Monday, 3 December 2007

Day 194 - Agra

Boy it is flat around here!

We left Jaipur for Bharatpur and the bird sanctuary. The route was a busyish road and once again lots of roadworks. They are making it dual carriageway and bits are finished, but traffic seems to go in both directions on both carriageways, very confusing. We chose the smoothest road, but every now and then we notice that everybody has gone back to using it correctly and we are in fact cycling down the outside lane in the wrong direction. On one occasion we did that for 7km, but nobody bats an eyelid as there seem to be few rules of the road. We passed big groups of about 50 camels, probably heading back from the camel fair, where we saw none. Between the towns it is very rural and cow poo is used for fuel and left out to dry, pancakes as Judith calls them, poocakes as I call them. There are also alot of monkeys, they seem to be picking things out of the fields and must be a real nucance. We needed to break the journey up, but had to go a little bit further than we wanted to to find the worst hotel I have stayed in. The shower was useless. If you waved your arm under it for long enough you could just about feel it getting wet. The promised hot water was very cold. The restuarant was terrible, in fact they took our order and went of into the village and bought it off the streets. We could have done that for about a tenth of the price. The naan was so small I was convinced it was a chapati and refused to pay for it.

We were glad to leave the following morning, but the ride to Bharatpur was uninspiring. We booked in at a nice little Guest House with a nice lawn and garden, so much better than the previous night.

We then visited the bird sanctuary, it was a bit like the camel fair with no camels as it was a sanctuary with no birds. They visit the wetlands here each year, but with two very poor monsoons there is precious little here. We did see a few birds (photo), but not many. We also saw turtles, deer, antelope and alot of jackals.

We then rode to Agra via Fatehpur Sikri, that was really good, but really busy. It is a deserted palace built in about 1550 and very much intact and well maintained. There are wonderful building carved inside and out, large courtyards (photo), one with a pool, and a five story building, each supported by a decreasing number of columns, 84 at the bottom. Next door to the palace is a mosque that is still in use, but boy do you get a lot of hassle there. Everybody wants to sell you something or offer a service, postcards, jewelry, wooden games, guides, people to look after your shoes to name a few. As we were going out a different way we carried out shoes and Andre was stopped from going into the tombs as he was carrying them. He wasnt best pleased especially as the man stopping he was spitting on the floor, so it is ok to spit in the tomb, but you cant carry your shoes. Spitting here seems to be a national problem, most people chew a red tobacco and spit long squirts of spit out, its disgusting and I fully expect to get a direct hit from a passing bus at some stage. But it is not just saved for outside. Inside some buildings you see the lower part of the wall covered in the red stuff dribbling down the walls. Going to the toilet anywhere also is a problem. Today was passed a man peeing outside of a toilet block and clearly he wasnt the only one. Inside it looked quite clean.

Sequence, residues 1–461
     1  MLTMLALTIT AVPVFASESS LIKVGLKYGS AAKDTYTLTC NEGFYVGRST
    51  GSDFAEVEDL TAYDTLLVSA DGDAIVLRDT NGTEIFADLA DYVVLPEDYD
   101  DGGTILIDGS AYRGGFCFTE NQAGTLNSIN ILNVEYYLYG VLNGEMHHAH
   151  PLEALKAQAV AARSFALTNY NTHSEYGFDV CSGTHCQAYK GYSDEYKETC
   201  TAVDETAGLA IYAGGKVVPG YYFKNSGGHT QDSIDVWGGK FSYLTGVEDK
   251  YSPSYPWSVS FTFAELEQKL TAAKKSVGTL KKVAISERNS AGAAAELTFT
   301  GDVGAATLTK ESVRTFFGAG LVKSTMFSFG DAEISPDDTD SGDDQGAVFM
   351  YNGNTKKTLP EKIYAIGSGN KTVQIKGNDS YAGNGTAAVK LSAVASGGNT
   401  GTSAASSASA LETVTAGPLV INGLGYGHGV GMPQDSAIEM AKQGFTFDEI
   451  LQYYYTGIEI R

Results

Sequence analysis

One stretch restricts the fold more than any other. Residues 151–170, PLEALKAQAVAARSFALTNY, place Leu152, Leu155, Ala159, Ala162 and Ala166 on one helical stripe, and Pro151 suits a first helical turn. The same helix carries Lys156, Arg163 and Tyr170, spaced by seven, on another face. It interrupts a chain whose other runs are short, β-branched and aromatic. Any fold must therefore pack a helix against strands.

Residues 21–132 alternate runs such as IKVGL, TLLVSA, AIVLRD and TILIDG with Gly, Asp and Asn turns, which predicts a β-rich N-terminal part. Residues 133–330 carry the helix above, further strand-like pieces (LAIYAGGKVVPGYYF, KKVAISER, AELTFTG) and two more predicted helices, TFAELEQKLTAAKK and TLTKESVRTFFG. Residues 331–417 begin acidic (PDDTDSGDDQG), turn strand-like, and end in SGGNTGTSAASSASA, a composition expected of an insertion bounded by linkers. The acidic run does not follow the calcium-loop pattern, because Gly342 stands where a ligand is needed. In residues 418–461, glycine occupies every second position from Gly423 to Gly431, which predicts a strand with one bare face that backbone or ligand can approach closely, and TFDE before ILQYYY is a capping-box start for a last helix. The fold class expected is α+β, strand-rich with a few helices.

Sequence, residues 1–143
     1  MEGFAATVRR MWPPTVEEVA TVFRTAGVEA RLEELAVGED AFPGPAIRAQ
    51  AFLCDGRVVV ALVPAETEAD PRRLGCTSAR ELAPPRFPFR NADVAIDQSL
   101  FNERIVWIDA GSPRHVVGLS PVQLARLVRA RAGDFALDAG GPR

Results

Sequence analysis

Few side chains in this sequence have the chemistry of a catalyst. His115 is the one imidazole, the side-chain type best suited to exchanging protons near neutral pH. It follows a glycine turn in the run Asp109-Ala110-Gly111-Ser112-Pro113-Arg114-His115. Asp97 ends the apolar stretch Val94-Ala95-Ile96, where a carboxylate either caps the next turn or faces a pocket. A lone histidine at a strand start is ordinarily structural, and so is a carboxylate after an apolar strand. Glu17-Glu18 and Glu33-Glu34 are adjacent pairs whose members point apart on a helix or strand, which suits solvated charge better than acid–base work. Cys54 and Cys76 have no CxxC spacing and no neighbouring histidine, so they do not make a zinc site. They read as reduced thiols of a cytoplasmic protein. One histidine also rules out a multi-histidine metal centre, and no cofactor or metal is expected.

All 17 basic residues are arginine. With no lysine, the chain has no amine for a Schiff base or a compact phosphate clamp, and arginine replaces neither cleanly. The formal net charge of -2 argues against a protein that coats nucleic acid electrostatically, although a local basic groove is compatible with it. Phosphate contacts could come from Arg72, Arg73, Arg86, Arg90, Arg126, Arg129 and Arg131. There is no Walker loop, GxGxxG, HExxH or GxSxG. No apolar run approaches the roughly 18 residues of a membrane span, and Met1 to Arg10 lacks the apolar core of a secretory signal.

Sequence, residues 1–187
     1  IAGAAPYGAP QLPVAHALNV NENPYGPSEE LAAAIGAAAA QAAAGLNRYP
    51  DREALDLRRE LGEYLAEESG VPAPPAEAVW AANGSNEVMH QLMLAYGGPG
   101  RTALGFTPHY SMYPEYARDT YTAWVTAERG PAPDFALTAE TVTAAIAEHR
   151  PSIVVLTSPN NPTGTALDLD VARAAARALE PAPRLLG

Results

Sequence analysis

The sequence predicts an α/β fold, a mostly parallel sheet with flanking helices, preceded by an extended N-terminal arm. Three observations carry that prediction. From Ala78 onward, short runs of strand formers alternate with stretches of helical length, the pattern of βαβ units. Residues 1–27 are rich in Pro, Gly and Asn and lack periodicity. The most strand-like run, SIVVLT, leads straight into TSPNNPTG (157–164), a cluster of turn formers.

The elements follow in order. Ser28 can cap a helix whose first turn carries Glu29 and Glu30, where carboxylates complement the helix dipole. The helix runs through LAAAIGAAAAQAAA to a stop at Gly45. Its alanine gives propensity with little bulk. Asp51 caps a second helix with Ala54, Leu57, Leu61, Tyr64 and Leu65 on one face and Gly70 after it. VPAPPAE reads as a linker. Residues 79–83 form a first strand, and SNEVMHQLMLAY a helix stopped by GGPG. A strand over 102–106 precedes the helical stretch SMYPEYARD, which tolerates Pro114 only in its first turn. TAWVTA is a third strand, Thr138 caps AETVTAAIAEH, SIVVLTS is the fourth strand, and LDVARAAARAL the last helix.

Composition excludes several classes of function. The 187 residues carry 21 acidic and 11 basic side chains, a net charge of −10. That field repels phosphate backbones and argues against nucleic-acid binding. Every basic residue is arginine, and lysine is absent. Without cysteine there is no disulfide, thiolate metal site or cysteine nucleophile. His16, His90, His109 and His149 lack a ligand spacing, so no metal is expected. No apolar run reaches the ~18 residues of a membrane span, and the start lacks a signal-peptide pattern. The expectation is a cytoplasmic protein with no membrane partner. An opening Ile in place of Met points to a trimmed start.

So we have arrived in Agra and have a room in a quiet hotel with a shady garden on a street where traffic was barrred. We stopped outside the Taj Mahal to get out bearings but were moved on by aggitated guards, then I remembered that a little over a week ago there were bombs in three towns in the state of Uttar Predesh, the same state we are in now, killing about 9 people. They had all been bike bombs and judging from the amount of baggage we are carrying we had the potential to do even worse, well it would do if everybody pees outside.

We have met another couple of cyclists from Holland at the hotel. They have been here for a month as Sonia has had a trapped nerve and couldnt even walk for 2 weeks. It is impossible to walk about the town without constant hassle, but it is nowhere near as bad as when I was last here.

Last night it rained for the first time in months, not that we saw it, though yesterday was overcast and threatening all day and dropped to a wintry 22 degrees, but thankfully it is warmer today. How do you all survive at home, its winter there you know.

I have managed to loose 3 things since Dubai. I left my mits at the port, a pair of underpants in Udaipur, the worst of it was that I had just washed them, and last night I discovered that I left my head torch in the grotty hotel of a couple of nights back. It has really pissed me off and I am not sure why. May be it is because I know I will not get another one out here and I need it to camp as the nights are long, but may be it is because my daily outgoings are very low here and in contrast it now seems even more expensive. But dont worry, I will get over it

1 comment:

Tony said...

Losing things is so nasty, and the skill needed to not let it bug you is huge... Wishing you the necessary!